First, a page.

Illustration by Basil Wolverton from The Wolverton Bible, courtesy Fantagraphics Books (fantagraphics.com). Copyright 2010 The Worldwide Church of God. All rights reserved.

Wolverton was a comic book artist from
the 1950s. His most famous comic book
series was Powerhouse Pepper. He also did
the iconic drawings of the fabulously ugly
girl, Lyena the Hyena, and much more art
for Mad magazine. If you saw his art, you’d
recognize it right off. At one point, though,
Wolverton “got religion,” and began a project
to illustrate the Bible, not in comic book
style as R. Crumb is doing, but just black
and white illustrations.1 He did the entire
Old Testament, but, on the advice of his
fundamentalist pastor, he demurred from
doing the New Testament because picturing
Jesus would be a violation of the second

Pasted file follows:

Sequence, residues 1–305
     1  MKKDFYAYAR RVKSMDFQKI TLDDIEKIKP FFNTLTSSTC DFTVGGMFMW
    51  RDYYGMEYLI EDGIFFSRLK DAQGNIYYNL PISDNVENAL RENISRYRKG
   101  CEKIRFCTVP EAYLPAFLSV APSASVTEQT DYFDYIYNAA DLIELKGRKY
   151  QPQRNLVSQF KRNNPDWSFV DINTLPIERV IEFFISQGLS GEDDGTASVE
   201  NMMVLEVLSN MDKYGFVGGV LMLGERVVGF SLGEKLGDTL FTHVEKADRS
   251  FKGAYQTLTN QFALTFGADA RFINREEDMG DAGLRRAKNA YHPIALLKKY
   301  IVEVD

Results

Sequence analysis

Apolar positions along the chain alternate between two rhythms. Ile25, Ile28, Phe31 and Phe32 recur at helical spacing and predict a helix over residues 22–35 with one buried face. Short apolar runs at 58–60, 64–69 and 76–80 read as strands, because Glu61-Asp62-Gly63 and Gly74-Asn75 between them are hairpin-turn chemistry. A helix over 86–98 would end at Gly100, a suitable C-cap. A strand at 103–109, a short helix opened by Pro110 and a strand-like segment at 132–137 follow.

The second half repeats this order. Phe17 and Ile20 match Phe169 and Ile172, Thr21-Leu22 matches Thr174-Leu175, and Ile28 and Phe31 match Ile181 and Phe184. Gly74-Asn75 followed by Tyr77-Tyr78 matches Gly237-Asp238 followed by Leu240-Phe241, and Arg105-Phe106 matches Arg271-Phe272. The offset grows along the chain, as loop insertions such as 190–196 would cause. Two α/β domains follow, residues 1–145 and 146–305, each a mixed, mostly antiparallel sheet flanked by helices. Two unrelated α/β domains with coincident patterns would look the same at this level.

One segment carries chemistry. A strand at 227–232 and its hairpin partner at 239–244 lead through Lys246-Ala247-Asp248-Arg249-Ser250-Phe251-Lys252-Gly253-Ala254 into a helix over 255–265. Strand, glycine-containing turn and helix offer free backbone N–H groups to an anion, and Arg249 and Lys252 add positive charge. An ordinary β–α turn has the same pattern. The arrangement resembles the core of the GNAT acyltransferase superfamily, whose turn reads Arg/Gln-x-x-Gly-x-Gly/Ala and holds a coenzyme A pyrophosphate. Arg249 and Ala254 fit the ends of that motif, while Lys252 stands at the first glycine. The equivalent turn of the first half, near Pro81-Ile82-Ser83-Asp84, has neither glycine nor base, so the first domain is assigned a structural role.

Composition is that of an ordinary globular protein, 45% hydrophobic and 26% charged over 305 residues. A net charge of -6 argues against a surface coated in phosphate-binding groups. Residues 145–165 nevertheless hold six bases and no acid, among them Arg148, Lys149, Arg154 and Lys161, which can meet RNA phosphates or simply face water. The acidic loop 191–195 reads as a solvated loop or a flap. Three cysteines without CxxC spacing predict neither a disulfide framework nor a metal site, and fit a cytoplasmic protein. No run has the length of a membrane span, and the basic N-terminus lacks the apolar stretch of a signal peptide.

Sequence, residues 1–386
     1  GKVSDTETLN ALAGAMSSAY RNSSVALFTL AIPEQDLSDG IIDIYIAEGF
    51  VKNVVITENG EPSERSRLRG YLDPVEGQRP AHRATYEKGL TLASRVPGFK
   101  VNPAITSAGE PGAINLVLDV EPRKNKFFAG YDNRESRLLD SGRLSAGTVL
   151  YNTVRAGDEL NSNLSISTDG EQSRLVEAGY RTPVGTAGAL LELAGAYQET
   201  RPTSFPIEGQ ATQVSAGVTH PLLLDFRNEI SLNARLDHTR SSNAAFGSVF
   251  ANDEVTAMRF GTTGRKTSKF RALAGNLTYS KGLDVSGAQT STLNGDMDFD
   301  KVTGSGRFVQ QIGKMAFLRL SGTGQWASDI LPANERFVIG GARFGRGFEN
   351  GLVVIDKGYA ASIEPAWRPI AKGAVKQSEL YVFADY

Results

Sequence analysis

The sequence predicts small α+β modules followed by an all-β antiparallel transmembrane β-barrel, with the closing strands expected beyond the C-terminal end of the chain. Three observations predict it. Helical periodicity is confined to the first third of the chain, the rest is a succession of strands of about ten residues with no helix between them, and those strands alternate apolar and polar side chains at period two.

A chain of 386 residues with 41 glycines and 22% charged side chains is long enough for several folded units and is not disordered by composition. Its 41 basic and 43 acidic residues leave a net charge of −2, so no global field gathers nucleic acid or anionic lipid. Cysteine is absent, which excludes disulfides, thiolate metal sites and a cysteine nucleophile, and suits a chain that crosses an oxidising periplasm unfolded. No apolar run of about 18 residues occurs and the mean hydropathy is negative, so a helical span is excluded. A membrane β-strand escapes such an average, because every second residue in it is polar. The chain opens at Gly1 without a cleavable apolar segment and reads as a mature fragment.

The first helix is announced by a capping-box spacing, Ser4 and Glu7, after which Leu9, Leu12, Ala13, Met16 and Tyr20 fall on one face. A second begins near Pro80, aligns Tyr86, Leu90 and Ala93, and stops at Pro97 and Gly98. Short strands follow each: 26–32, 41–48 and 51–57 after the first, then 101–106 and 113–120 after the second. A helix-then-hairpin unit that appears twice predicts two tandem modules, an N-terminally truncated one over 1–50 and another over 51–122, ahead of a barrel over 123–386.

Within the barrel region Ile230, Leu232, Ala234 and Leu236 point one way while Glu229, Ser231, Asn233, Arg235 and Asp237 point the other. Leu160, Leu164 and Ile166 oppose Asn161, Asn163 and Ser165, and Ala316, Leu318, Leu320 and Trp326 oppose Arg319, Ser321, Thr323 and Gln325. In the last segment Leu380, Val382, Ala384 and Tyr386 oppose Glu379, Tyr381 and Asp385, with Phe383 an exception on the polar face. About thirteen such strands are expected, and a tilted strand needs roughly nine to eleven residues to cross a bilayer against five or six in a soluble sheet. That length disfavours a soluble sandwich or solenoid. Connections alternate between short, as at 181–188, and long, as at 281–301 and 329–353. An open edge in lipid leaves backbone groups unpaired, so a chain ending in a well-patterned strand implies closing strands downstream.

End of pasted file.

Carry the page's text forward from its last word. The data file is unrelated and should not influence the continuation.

commandment. He did however do a
short series, fourteen published pictures in
all, of Revelation. It was this series that let
me to see why artists always did Revelation
illustrations in series.

To explain, I’ll just take his pictures
of the four horseman from Revelation
6:

1 Then I saw the Lamb open one of
the seven seals, and I heard one of
the four living creatures call out,
as with a voice of thunder, “Come!”
2 I looked, and there was a white
horse! Its rider had a bow; a crown
was given to him, and he came out
conquering and to conquer.
3 When he opened the second seal,
I heard the second living creature
call out, “Come!” 4 And out came
another horse, bright red; its rider
was permitted to take peace from
the earth, so that people would
slaughter one another; and he was
given a great sword.
5 When he opened the third seal,
I heard the third living creature
call out, “Come!” I looked, and
there was a black horse! Its rider
held a pair of scales in his hand,
6 and I heard what seemed to be
a voice in the midst of the four living
creatures saying, “A quart of
wheat for a day’s pay, and three